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You Say Potato, I Say 'Highly Heterozygous Autotetraploid'

An international consortium of researchers has reported results from a study of the potato genome, reports New Scientist's Debora MacKenzie. Most potatoes hold four copies of its genome, each of which is different from the others, "making sequencing a nightmare," MacKenzie says. The Potato Genome Sequencing Consotium, which published its work in Nature, was able to get around this problem by growing a whole plant in culture from one pollen cell, producing potatoes with just one copy of the genome. Among other things, the study reveals that potatoes have a hard time resisting disease because many of the genes that confer resistance to pathogens are mutated or broken, MacKenzie says. Researchers hope that the sequence will make it easier to breed better potatoes more quickly and that certain desired traits in potato crops can be selected for in the breeding process.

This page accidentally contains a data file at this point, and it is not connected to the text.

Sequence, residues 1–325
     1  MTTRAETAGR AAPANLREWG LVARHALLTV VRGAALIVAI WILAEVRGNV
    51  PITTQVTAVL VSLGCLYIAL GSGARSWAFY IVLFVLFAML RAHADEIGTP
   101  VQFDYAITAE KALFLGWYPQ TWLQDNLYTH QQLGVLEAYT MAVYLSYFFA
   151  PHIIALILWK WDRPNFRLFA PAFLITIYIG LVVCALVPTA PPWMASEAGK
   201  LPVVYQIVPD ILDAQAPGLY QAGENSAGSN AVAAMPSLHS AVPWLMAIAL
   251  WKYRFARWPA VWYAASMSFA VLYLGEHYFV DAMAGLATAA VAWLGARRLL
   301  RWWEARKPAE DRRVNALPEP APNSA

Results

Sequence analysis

At the Genotype blog, blogger Playwright in the Cages has a different take on the story — Playwright finds it "comforting" that potatoes have about double the number of active genes that humans do because "it's just another demonstration that the cultural assumption that humans must be the most complex of nature's creations because we're (allegedly) the smartest ... is based on a false paradigm of 'evolution as an advance in complexity' with us at the top of the pyramid."

Daily Scan's sister publication GenomeWeb Daily News has more on this story here.

The Scan

Boosters Chasing Variants

The New York Times reports that an FDA advisory panel is to weigh updated booster vaccines for COVID-19.

Not Yet

The World Health Organization says monkeypox is not yet a global emergency, the Washington Post reports.

More Proposed for Federal Research

Science reports that US House of Representatives panels are seeking to increase federal research funding.

PLOS Papers on Breast Cancer Metastasis, Left-Sided Cardiac Defects, SARS-CoV-2 Monitoring

In PLOS this week: link between breast cancer metastasis and CLIC4, sequencing analysis of left-sided cardiac defects, and more.